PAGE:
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Immuno-oncology: a new weapon against cancer

semmelweis.hu 14 September, 2015, Monday

The immune system is able to recognise and destroy tumour cells – this is what immuno-oncology, the science applying a new perspective exploits. The research which have been carried out for a few years now have produced remarkable results in the case of certain diseases (melanoma, lung cancer), and there are promising researches going on at present relating to other tumours (lung, breast, kidney and prostate cancer) as well, said Dr Magdolna Dank, associate professor at Internal Medicine Department No I of Semmelweis University, according to her the main goal is to achieve that immune(onco)therapy becomes a routine treatment.

Immunotherapy starts from the recognition that there exist cancer cells in every human body, but in a normal case the immune system is able to recognise and destroy them. When tumour cells are able to “hide”, the disease is activated. In this case, they block the immune-response by installing “receptor blockers”. Immuno-oncology developments aim to cancel these blocking points, and as a result of medical treatment a normal immune response is created, and in this way normal operation is activated. Immunotherapy enhances the capacity of T-cells to destroy malignancies, explains Dr Magdolna Dank. The tumour may either disappear or remain, but if the patient’s immune system is under constant control, long-term survival may be ensured. According to the results achieved so far, immunotherapy may also be combined with other treatments, thus its effect may be accordingly enhanced.

The professor recommends those involved to contact an oncology centre where they can get information about how/where to receive the therapy for the respective disease. At the same time she emphasised that not every patient with melanoma for instance is suitable for receiving immuno-oncology treatment, for which several criteria have to be met. However, if a patient gets the opportunity to participate in an immune-oncology clinical trial, he/she can accept it if advised by the oncologist.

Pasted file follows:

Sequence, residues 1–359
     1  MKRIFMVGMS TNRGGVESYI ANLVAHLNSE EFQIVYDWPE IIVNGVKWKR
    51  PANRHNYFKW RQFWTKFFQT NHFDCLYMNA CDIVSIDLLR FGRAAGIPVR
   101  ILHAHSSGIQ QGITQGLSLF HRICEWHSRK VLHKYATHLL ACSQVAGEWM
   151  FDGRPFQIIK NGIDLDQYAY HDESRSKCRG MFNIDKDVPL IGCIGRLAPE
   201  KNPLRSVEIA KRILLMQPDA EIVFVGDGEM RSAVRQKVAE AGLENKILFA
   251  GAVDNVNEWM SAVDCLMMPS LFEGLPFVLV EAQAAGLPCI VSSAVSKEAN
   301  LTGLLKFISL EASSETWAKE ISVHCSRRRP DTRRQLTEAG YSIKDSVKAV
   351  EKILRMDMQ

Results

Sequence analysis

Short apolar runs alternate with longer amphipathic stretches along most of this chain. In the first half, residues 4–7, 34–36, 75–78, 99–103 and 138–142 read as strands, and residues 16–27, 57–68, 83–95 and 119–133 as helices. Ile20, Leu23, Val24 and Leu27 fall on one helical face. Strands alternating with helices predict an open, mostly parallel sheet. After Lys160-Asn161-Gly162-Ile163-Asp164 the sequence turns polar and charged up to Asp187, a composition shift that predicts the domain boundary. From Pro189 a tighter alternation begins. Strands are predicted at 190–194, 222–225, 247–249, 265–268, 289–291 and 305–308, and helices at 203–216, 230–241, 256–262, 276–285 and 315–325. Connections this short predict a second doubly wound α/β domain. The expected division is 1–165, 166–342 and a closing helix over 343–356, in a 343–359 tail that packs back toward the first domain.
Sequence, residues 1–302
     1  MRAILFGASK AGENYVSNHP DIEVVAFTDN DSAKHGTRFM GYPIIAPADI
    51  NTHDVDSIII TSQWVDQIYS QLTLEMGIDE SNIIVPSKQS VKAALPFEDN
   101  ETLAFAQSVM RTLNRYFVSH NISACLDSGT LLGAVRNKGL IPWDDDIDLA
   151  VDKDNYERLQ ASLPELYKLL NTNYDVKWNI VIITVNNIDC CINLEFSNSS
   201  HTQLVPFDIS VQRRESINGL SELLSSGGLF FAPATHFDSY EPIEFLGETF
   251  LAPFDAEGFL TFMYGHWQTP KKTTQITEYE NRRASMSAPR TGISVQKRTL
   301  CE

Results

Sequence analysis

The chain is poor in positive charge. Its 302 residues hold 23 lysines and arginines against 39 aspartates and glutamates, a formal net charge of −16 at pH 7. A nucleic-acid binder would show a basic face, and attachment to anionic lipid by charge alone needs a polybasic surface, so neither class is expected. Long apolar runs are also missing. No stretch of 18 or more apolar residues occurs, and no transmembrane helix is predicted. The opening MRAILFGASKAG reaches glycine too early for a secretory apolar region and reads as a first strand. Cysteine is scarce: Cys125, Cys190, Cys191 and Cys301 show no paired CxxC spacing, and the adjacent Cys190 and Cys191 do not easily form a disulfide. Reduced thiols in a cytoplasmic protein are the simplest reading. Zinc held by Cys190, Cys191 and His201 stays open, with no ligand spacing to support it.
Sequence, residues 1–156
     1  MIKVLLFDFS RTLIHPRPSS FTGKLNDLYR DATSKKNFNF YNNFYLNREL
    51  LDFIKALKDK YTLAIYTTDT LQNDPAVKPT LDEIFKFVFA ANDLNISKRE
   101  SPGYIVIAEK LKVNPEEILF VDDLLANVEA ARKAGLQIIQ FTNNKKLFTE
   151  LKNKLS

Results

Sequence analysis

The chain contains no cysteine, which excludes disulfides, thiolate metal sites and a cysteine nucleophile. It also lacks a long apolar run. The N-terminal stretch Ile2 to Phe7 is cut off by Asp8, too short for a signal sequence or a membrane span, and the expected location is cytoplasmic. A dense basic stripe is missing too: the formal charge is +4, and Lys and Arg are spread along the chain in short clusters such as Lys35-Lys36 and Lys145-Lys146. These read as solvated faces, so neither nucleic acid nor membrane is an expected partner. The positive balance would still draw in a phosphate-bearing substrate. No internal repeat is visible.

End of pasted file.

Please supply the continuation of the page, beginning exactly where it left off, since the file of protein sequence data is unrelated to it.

According to the associate professor, the procedures applied in cancer treatment so far, which have been focused on destroying cancer cells (chemotherapy, radiation therapy, surgery and different targeted medication therapies) have been important milestones in medical treatments, but in many cases did not result in complete recovery. Immuno-oncology on the other hand, is based on a completely different concept: it activates the immune system of the body, which practically heals itself. It is an absolute teamwork where the physician involved, oncologists, radiologists, professionals and imaging professionals and pathologists have to work in a highly coordinated manner. This treatment, which is different from traditional methods, also requires doctors to think in a different way, it may bring a change in paradigm in oncological care in the next 10 years, and nearly 60 percent of all the treatments will be based on it. This ratio is 3 percent at present.

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